The lockdown that many in the media and in the public had been demanding has finally come. Whilst this was perhaps inevitable, the clamour for such a lockdown and the general disregard shown toward the individual in the face of a pandemic suggests that we as citizens must all be careful from here on in.
It seems that there are two schools of thought on how to approach the coronavirus in the UK. One school of thought follows the Boris Johnson government line of thinking, which favours a steady increase in measures as the evidence and advice from scientific and medical advisors adapts and changes, whilst also reassuring people that the government views them as adults who can be responsible.
Then there is the second school of thought, which argues that we need more stringent measures to deal with coronavirus. To do this, they argue we have to adopt the measures that countries such as Italy, Spain and France have taken to ensure effective resistance to the virus.
Boris Johnson was understandably reluctant to bring in similar measures, perhaps believing that the citizens of the United Kingdom are responsible people who will use their brains and do what is needed to protect themselves and their fellow citizens from harm.
The videos and images that emerged at the weekend of people congregating in large numbers in various parks and other locations, ignoring the government’s calls for social distancing, would not have sat well with the Prime Minister or made his message any easier to hear for many people.
Yet, it was the right one. People must feel as if they have some say over their lives and must be seen as adults capable of making rational decisions. If those who ignored the government’s social distancing messaging did so knowing full well the possible consequences, then no amount of societal chastising will change their minds.
Now, Boris has given into those in the media and the public who wanted more stringent and perhaps more authoritarian measures. First came the closures of pubs and other venues which effectively shut down nightlife within the UK and then came the full lockdown which forced non-essential businesses to close immediately and prevents people from leaving their homes other than to go to work if you are deemed a ‘key worker’, and from exercising more than once a day.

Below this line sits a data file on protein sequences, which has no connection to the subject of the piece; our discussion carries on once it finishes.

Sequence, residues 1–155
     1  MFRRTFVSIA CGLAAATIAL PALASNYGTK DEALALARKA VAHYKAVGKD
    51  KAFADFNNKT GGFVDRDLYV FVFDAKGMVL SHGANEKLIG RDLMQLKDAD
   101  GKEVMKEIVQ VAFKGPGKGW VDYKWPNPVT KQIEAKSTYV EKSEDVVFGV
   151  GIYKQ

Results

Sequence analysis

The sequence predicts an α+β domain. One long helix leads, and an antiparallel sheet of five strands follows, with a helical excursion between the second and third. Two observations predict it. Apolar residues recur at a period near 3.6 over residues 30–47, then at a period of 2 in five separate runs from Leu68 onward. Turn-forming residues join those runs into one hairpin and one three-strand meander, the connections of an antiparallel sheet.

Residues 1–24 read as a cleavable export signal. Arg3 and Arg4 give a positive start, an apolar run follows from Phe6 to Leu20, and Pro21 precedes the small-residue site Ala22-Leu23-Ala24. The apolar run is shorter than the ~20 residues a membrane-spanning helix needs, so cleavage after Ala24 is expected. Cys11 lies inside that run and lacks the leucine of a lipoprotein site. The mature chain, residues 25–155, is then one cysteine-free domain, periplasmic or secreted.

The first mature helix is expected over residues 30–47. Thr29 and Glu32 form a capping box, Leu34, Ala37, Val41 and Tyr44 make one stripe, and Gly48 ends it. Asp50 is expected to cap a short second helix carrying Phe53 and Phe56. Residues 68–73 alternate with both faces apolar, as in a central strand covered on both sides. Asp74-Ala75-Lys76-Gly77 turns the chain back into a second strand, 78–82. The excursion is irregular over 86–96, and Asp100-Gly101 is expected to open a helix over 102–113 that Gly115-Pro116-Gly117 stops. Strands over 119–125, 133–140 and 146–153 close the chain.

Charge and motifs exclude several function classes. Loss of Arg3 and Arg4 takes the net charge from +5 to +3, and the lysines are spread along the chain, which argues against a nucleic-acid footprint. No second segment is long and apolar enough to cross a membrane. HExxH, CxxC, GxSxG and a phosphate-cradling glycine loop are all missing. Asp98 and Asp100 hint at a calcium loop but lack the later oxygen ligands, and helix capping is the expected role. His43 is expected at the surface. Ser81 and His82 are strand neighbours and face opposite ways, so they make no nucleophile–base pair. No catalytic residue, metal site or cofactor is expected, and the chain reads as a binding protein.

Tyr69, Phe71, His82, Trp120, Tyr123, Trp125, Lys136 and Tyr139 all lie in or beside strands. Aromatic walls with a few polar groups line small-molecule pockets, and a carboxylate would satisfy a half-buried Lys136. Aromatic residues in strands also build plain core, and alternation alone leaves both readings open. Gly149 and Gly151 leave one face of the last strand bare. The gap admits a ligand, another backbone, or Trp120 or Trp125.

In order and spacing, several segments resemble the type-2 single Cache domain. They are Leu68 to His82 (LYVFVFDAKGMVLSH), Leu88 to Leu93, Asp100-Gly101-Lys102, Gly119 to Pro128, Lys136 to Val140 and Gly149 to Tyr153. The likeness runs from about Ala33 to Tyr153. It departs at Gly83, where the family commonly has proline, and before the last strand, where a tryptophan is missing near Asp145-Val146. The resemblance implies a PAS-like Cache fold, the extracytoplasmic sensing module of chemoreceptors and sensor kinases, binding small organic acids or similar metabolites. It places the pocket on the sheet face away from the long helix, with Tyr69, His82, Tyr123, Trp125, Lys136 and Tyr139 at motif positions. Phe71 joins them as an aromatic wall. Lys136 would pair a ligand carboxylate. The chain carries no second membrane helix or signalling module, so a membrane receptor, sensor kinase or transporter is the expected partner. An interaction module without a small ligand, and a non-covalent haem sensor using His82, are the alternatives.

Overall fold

This might seem like a minor inconvenience, and something that should be worth sacrificing, and perhaps it is, but it seems to be the start of a potentially worrying trend. A finale of this trend is the new law which the government has introduced into Parliament, which would grant them vast and unprecedented powers to handle the crisis.
The powers would enable the government to not only give the police the ability to disperse gatherings and fine people, but also detain anyone who might be infected, even if it is against their will. A measure that surely goes against common sense and perhaps even civil liberties, as surely the police should first let anyone suspected of being infected, get a test done to either confirm or deny their suspicions.
Why is this terrifying you might ask? The answer is relatively simple. Given the current climate, and the mass panic around the coronavirus, one must ask, will the government face any opposition to this bill? Yes, there was talk of a rebellion in the Commons over aspects of the bill, but as was evidenced on Tuesday, when the bill was passed through the Commons with all its proposals meeting approval, no political party will ever consider bringing bad optics on themselves by voting against it.
Despite government reassurances that the bill could be debated and voted on by Parliament every six months t, one gets the feeling that given the Conservative majority in the Commons, they should face little difficulties in getting the bill approved at every stage, and that the Lords being unelected would be hesitant to do something that could cause anger to turn on them from the public.
Reinforcing a point made by Paul Bryant, MP where he highlights that with the bill potentially standing for two years, the six-month period between votes would be in violation of the Civil Contingencies Act which requires new powers – such as the ones this bill would grant – to be presented for parliamentary approval within seven days and for said powers to last for just thirty days without renewal.
The timeframe suggested by the government does not even take into consideration the potential implications for a scenario where Parliament is not sitting due to the virus.
It is fair to say that recent developments, whilst showing a proactive government and one that has taken into consideration its citizens’ liberties, could very quickly get even more authoritarian, if it felt such a thing was necessary.
With discourse currently varying between silent indifference to demands for more authoritarianism, it seems reasonable to suggest that whilst we need to do what is necessary to deal with the virus, we must be careful with how far we push and egg on the government. For once we venture down this pathway, it will be incredibly hard to change course.